The full attention and engaged participation of the students throughout the program indicated that their thirst for more knowledge continued even after having completed their designs and presentations.

"We may end up knowing more than our future employers do about green building design as a result of going through this process and the information we are receiving," said participant Martha Merzig, a graduate student in Integrated Design and Construction at Auburn University. "It's an exciting thing to be equipped with that knowledge at such an early stage in our careers, and I have high hopes for what we are going to be able to do with it going forward into the future."

NREL provides the setting
The student teams had the opportunity to present their concepts for zero-energy-ready homes inside the award-winning LEED Platinum and net-zero-energy Research Support Facility on NREL's sustainable campus. And they were supported by the world-class staff from NREL's buildings research teams who have dedicated their careers to energy-efficient and zero-energy buildings. This synergy provided an ideal backdrop for the competition, one that provided inspiration and motivation to the students and staff alike.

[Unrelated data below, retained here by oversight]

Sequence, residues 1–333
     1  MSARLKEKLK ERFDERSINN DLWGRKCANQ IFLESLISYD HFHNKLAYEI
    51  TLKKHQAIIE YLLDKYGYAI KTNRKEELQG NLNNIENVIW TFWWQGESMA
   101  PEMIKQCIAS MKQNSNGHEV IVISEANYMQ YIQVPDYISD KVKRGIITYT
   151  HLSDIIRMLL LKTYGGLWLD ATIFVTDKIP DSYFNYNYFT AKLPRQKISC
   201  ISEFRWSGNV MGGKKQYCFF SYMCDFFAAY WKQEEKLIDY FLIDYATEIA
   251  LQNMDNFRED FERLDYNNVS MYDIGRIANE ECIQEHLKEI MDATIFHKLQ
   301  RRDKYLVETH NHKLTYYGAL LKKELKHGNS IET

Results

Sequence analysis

"Our campus is a showcase for the right way to build buildings, and there's no other place where we could have held this competition and have the students be as engaged as they have been here," said Metzger. "They've gotten to see this type of design in action, and their interest is piqued even further by that opportunity. They are truly excited to have the chance to be here."

While developing and preparing their designs, the student teams regularly used research published by the laboratory as well as NREL-developed tools. This connection further demonstrated the synergistic relationship between the work of the students in this competition and the buildings research being done at NREL.

"We've got huge energy challenges in front of us, and it is a great opportunity to be able to engage directly with the next generation who will be tasked with helping us to innovate the future solutions to those challenges," said NREL Senior Engineer for Residential Buildings Dane Christensen. "Hosting this event gave us the chance to show off the work that we are doing here, work that we are very proud of, and it also gave us an opportunity to hear from the students and see the very talented work that they are doing. It was very exciting to be able to witness their passion, dedication, and skill firsthand."